I also find myself needing to delve into educational research to continue growing and learning. more later.. Stay cool out there, here it is 118 degrees. Steve

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**Using technology to support mathematics education and research**

Christian received his PhD in 2011 at Utrecht University and is lecturer at the University of Southampton. In this talk Christian will present a wide spectrum of research initiatives that all involve the use of technology to support mathematics education itself and research into mathematics education. It will cover (i) design principles for algebra software, with an emphasis on automated feedback, (ii) the evolution from fragmented technology to coherent digital books, (iii) the use of technology to measure and develop Mental Rotation Skills, and (iv) the use of computer science techniques to study the development of mathematics education policy.

The talk referenced several articles Dr. Bokhove has authored over the years, for example:

- Bokhove, C., & Drijvers, P. (2012). Effects of a digital intervention on the development of algebraic expertise.
*Computers & Education*,*58*(1), 197-208. doi:10.1016/j.compedu.2011.08.010 - Bokhove, C., (in press). Using technology for digital maths textbooks: More than the sum of the parts.
*International Journal for Technology in Mathematics Education*. - Bokhove, C., & Redhead, E. (2017). Training mental rotation skills to improve spatial ability.
*Online proceedings of the BSRLM*,*36*(3) - Bokhove, C. (2016). Exploring classroom interaction with dynamic social network analysis.
*International Journal of Research & Method in Education*, doi:10.1080/1743727X.2016.1192116 *Bokhove, C.*, &Drijvers, P. (2010). Digital tools for algebra education: criteria and evaluation.*International Journal of Computers for Mathematical Learning, 15*(1)*,*45-62*.*Online first. doi:10.1007/s10758-010-9162-x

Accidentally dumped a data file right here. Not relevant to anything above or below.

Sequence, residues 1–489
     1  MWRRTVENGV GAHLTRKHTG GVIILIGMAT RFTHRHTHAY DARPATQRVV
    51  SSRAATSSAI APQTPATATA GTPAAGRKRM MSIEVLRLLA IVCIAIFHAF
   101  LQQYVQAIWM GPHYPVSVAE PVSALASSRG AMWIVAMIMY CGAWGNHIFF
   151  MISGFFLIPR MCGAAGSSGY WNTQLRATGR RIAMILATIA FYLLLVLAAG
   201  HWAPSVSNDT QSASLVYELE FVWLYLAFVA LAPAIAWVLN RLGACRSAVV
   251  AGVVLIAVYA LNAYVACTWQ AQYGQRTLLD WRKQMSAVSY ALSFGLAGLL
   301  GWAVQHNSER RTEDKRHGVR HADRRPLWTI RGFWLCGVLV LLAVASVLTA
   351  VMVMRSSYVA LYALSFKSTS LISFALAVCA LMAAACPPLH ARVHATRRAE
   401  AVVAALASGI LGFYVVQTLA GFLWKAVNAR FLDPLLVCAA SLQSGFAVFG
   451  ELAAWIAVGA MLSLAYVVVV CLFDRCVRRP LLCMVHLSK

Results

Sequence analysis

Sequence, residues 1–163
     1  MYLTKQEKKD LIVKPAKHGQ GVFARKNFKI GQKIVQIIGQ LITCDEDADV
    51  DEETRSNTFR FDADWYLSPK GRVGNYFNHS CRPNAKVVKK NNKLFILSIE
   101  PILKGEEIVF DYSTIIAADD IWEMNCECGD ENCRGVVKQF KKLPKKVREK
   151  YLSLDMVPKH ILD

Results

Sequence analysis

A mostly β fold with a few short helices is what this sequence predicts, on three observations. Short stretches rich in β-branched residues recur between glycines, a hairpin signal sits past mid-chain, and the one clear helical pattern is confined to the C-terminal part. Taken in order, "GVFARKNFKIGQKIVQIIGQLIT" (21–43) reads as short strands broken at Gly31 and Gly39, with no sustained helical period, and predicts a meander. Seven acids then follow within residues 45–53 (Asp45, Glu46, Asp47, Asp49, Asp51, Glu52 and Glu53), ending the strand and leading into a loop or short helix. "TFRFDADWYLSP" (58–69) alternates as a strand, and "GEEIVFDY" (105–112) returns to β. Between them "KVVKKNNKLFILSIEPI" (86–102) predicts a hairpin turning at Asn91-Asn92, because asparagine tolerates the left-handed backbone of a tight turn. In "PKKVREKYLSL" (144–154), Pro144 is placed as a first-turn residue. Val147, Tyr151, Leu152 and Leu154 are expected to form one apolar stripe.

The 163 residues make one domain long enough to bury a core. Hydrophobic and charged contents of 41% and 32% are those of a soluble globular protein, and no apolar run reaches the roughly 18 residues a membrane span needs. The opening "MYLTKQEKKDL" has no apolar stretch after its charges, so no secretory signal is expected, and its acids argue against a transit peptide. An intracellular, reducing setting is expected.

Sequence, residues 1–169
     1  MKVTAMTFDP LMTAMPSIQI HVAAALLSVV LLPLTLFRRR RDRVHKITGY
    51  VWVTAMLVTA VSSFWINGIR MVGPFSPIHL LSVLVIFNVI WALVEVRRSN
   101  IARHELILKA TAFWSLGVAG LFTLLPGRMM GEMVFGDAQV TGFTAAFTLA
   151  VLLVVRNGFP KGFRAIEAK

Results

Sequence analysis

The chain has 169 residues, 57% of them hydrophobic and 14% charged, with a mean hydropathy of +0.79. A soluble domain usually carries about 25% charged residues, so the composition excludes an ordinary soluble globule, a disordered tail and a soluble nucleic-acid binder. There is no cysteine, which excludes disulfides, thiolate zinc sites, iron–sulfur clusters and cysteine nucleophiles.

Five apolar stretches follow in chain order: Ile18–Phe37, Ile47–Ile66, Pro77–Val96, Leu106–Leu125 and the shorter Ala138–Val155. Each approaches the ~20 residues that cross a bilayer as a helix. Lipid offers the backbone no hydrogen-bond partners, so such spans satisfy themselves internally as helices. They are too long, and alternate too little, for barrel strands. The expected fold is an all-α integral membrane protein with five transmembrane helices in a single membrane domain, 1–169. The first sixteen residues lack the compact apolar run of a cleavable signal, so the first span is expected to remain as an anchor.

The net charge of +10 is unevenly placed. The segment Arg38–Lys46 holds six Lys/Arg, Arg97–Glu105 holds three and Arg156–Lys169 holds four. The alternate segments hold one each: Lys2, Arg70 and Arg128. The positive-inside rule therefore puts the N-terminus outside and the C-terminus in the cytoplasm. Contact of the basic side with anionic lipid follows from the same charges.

FUNDAMENTAL OF INFORMATION TECHNOLOGY

Recent advances in telescope and sensor technology have finally allowed us to start answering one of the great unknowns of the 21st century – how many habitable worlds are there in our Milky Way galaxy?

Until recently it was simply assumed that a fairly high fraction of stars ‘probably’ contained planets, and that some further fraction of those would be in the so-called habitable zone. These assumptions were based solely on knowledge extrapolated from our own solar system. But as has been painfuly demonstrated with the hunt for life in our solar system, assumptions like this need careful confirmation, and extrapolating from a sample size of one is seldom convincing. Often, what we want to believe is, regrettably, not compatible with reality. *The video link from the late Carl Sagan at the end of the piece will give you a flavour for what people ‘guessed’ in the 1980s.*

The good news is we now have concrete evidence that an abundance of other planets are out there orbiting other suns – in fact roughly 70% of all stars are accompanied by other worlds. How do we know this? There are two simple detection methods which I’d like to explain in more detail, which both ‘indirectly’ detect the presence of other planets. These are:

- Transit Photometry
- Radial velocity

The first method involves closely observing a star over a period of time with a photometer, looking for any subtle changes in its brightness. Any dip in brightness which is periodic and cannot be explained by general stellar dynamics is then assumed to be a large body passing between us and the star.

Incredibly, even amateurs with 12 inch backyard telescopes have been able to detect these illumination changes for very large planets, producing crude light curve plots that have later been verified by professional astronomers.

This method of detection works out to distances of several thousand light years, and allows an approximate calculation of the planet’s size, or radius. Additionally, for certain nearby stars (if clear spectra can be obtained), drops in light from specific elements can be detected, telling us about the possible composition of the planet’s atmosphere. For example, if the planet contained a Nitrogen rich atmosphere, we might detect a dip in the intensity of the spectrum corresponding to the wavelength of Nitrogen – this process is called ‘absorption spectrometry’.